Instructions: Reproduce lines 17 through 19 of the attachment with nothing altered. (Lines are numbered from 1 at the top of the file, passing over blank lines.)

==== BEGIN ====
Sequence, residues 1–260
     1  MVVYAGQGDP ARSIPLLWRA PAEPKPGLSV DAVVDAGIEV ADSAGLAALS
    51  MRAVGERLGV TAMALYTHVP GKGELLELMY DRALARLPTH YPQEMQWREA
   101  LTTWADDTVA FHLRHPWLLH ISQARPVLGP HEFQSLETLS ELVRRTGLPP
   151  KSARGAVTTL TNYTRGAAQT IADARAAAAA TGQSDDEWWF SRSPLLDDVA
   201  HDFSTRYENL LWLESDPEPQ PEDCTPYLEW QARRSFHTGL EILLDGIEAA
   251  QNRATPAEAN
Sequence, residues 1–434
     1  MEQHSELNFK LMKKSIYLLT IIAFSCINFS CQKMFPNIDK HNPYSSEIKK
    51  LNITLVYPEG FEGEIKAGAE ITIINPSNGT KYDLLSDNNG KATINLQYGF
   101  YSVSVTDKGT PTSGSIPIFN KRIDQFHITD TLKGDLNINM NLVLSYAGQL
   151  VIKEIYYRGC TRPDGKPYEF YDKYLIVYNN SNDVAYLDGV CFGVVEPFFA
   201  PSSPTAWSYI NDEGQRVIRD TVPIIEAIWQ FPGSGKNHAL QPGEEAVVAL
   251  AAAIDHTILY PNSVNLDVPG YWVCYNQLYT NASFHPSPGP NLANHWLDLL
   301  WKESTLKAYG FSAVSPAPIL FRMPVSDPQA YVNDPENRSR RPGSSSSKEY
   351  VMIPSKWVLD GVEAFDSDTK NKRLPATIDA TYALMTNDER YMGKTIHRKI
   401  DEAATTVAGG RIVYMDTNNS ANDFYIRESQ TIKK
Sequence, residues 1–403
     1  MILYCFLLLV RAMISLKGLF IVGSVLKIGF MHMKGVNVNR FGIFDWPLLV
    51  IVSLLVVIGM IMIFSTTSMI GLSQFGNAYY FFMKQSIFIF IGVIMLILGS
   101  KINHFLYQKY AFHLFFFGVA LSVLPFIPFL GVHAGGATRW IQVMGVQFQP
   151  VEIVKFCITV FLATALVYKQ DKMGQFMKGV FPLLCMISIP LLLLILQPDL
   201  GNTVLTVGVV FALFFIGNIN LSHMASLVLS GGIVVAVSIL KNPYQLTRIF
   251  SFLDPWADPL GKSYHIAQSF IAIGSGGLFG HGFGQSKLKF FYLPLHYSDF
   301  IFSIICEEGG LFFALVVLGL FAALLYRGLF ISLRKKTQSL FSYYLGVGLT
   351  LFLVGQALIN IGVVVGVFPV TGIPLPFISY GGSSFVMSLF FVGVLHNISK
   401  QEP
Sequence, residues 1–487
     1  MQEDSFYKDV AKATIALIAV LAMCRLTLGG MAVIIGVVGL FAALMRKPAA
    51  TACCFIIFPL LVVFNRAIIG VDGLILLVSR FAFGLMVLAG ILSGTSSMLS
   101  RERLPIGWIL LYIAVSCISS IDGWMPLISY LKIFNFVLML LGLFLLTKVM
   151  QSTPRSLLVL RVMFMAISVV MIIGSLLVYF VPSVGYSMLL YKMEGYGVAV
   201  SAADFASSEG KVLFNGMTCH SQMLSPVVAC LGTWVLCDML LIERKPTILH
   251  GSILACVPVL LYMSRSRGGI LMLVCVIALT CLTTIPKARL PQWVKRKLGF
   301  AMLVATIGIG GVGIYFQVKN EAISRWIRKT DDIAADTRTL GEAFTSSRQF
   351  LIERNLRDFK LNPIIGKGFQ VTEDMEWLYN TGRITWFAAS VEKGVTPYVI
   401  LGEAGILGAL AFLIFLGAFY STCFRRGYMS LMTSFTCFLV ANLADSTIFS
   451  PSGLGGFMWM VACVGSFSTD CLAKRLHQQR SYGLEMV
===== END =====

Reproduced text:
   401  DEAATTVAGG RIVYMDTNNS ANDFYIRESQ TIKK
Sequence, residues 1–403
     1  MILYCFLLLV RAMISLKGLF IVGSVLKIGF MHMKGVNVNR FGIFDWPLLV